Since 2016, platforms like Facebook, Google and Twitter have scaled up their efforts to meet a plethora of security and geopolitical challenges. They have gradually recalibrated their organizational structures and practices for that purpose. The challenges include election security, disinformation and influence operations, foreign and domestic terrorism, and atrocity prevention worldwide. As a corollary, platforms have expanded their interaction with government around these issues. They have also replicated traditional government methods for addressing them. Existing law facilitates this relationship instead of meaningfully constraining it.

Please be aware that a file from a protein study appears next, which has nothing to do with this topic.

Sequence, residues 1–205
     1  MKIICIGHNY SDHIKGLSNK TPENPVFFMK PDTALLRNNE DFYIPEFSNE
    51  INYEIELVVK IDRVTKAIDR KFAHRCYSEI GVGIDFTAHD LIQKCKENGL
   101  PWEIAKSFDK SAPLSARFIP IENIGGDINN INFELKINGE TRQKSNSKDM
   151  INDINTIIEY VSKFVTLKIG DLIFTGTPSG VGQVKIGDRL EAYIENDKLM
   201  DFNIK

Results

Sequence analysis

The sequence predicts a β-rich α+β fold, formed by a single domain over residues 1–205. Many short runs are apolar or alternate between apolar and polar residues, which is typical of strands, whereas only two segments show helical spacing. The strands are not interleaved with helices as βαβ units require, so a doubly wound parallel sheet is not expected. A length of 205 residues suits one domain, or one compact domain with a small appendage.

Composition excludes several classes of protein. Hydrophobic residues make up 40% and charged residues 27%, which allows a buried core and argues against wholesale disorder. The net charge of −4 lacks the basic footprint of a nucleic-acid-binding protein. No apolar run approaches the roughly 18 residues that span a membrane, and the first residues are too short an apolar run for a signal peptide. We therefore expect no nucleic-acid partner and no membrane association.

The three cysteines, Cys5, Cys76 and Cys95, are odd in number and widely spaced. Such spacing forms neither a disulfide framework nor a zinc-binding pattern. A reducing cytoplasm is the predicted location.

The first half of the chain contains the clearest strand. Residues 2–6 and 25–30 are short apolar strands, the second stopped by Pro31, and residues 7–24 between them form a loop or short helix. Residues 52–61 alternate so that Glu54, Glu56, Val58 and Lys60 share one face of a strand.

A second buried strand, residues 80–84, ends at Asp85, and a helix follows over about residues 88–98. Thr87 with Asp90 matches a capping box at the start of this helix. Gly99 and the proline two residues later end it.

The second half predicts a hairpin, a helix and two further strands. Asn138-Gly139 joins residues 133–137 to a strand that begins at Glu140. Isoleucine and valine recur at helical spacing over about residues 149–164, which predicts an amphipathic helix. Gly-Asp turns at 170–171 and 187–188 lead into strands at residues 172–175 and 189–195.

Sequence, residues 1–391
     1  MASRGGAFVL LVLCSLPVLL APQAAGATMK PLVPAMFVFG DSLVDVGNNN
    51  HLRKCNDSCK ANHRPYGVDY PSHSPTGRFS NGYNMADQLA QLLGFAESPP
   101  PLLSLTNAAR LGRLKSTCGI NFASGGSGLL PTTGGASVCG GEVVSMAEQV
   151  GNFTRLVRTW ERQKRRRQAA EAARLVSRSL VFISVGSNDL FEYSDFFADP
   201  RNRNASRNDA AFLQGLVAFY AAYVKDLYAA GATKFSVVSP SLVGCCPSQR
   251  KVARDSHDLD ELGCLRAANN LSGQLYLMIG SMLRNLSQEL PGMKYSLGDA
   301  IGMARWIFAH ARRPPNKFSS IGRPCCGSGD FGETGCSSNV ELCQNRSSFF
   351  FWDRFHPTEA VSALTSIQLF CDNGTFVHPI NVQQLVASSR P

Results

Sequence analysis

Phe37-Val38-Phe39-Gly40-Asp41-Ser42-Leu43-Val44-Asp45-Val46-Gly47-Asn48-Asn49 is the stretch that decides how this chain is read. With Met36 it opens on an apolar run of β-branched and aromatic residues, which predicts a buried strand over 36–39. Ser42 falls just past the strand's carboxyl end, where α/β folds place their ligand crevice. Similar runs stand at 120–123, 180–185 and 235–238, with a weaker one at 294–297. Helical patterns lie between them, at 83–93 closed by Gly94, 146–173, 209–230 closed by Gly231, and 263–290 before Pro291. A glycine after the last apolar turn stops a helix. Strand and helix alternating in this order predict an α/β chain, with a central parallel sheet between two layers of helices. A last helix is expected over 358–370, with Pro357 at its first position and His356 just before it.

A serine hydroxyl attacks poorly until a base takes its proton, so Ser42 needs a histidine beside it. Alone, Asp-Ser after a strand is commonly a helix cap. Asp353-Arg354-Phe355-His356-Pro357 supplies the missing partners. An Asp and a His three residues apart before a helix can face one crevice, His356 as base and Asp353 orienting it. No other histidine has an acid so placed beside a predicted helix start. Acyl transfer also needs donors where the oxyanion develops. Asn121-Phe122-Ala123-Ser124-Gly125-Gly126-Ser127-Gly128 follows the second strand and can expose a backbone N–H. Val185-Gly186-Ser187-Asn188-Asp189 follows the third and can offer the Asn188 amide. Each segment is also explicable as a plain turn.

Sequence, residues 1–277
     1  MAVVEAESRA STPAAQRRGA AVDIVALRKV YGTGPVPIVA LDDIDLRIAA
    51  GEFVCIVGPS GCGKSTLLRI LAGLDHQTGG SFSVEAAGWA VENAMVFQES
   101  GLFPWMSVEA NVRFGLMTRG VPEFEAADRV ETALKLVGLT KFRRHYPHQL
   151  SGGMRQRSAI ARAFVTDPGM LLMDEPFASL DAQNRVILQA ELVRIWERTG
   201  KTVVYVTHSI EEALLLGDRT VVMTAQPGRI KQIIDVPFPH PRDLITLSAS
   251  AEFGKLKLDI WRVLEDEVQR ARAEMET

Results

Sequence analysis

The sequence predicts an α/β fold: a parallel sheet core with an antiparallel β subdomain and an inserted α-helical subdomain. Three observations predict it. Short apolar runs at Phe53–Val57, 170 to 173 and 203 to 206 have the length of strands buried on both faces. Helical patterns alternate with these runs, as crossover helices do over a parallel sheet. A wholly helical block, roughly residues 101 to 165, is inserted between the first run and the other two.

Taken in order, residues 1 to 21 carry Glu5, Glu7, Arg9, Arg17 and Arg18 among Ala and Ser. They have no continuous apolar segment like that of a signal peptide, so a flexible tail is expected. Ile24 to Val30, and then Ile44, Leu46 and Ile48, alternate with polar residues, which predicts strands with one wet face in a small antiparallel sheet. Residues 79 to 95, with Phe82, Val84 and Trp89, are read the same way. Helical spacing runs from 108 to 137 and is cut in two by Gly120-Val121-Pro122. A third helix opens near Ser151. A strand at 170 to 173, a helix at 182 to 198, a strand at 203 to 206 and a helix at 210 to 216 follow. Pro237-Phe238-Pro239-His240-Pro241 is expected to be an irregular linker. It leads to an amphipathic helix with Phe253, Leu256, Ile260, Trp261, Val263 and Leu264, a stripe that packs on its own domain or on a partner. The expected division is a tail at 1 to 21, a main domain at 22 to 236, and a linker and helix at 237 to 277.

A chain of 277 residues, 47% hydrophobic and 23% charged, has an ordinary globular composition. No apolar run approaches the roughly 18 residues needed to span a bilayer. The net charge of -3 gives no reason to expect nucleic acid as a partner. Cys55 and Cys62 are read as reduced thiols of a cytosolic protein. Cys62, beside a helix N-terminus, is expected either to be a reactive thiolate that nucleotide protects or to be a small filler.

Scholars have examined platform governance predominantly through a freedom of expression lens. The security and geopolitical aspects of platform governance, however, remain surprisingly undertheorized. This article shifts the focus from platform speech governance to platform security governance. It documents platforms’ geopolitical turn and how it shapes the public-private national security nexus. It argues that platforms’ growing security and geopolitical role is a novel mode of informal national security privatization—call it national security by platform—that deviates in form and substance from paradigmatic privatization models. The paper develops a theoretical framework for analyzing national security by platform and outlines preliminary implications for regulation. The security lens illuminates regulatory considerations that may conflict with speech, competition and privacy concerns that have dominated the platform regulation debate to date.